For the first time in her life, Jocelyn felt like she not only had a purpose but a clear-cut course, too. She saw little of the doctors for the first few weeks and even less of Warden Crawford. Assigned to simple, straightforward tasks, Jocelyn began to wear holes in her shoes from making frequent trips up and down the first and second level patient halls, changing sheets, delivering tiny paper cups of medicines, and swapping out, disinfecting, and returning bedpans. Gradually she began to recognize the faces underneath the little white paper hats—the other nurses were cordial, but none of them came close to her friendship with Madge.

Madge, who still managed to find time to flirt with orderlies and doctors alike; there was no telling how she did it. For her part, Jocelyn could barely scrabble together a spare minute to eat lunch.

But that was all right. She had expected hazing, but instead Nurse Kramer assigned her some of the calmer patients. In particular, Jocelyn liked Mrs. Small in 214—her dementia had progressed to a point where her stories varied day to day, but every once in a while the old woman described the fishing trips she used to take with her husband, and Jocelyn would listen intently, giving the patient a sponge bath or trying to coax her to eat breakfast. She would wonder where Mr. Small was now. Had he died before her or had he abandoned this gentle soul? Jocelyn had watched her own grandmother succumb to a similar disease, and she was the only family member who'd bothered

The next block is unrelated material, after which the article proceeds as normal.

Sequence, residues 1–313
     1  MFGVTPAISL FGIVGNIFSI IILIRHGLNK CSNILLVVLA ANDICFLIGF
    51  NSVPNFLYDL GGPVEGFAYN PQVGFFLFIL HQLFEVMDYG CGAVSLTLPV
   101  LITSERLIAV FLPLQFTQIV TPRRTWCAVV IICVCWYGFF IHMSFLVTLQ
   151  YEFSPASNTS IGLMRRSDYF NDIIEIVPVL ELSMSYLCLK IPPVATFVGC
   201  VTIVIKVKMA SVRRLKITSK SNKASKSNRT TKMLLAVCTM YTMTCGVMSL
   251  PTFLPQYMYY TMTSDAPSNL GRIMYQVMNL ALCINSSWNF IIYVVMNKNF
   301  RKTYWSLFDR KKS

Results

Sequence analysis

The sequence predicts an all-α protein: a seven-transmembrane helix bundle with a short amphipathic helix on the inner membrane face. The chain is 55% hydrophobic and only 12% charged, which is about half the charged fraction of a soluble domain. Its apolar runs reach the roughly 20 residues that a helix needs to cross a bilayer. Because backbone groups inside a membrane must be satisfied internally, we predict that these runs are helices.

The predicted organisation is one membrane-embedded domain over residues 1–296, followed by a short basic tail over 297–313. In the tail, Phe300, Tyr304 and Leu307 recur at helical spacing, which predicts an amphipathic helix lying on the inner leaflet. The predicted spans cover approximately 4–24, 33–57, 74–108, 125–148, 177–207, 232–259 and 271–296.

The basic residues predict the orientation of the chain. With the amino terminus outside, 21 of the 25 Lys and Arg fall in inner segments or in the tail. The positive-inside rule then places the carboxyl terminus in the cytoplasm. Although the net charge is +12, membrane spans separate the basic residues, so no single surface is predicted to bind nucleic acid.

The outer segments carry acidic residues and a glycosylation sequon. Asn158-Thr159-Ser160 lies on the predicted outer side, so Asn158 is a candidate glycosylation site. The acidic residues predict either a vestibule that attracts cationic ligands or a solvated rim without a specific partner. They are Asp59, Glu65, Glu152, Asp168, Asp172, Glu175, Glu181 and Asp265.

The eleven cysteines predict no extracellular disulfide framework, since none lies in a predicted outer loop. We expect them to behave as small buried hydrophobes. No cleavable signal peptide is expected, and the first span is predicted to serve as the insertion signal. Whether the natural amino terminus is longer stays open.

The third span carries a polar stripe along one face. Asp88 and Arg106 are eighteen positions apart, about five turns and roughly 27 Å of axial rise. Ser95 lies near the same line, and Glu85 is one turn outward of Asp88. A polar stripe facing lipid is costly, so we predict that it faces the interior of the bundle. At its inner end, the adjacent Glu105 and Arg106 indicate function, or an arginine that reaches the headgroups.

trying to talk to her in the hardest days of her illness. The days when her grandmother would forget who Jocelyn was, sometimes becoming so afraid that she grew violent.

It had pushed Jocelyn into nursing, that sense of injustice, that conviction that nobody, no matter how hurt or ill or old, deserved to deal with something like that alone.

Jocelyn checked the visitation schedule every morning and at the end of every shift, but nobody ever came to see Mrs. Small. It was disappointing every time, she thought tonight, closing up the bound schedule and giving a polite smile to a passing nurse. Mrs. Small could at least look forward to Jocelyn listening to her stories and laughing in all the right places.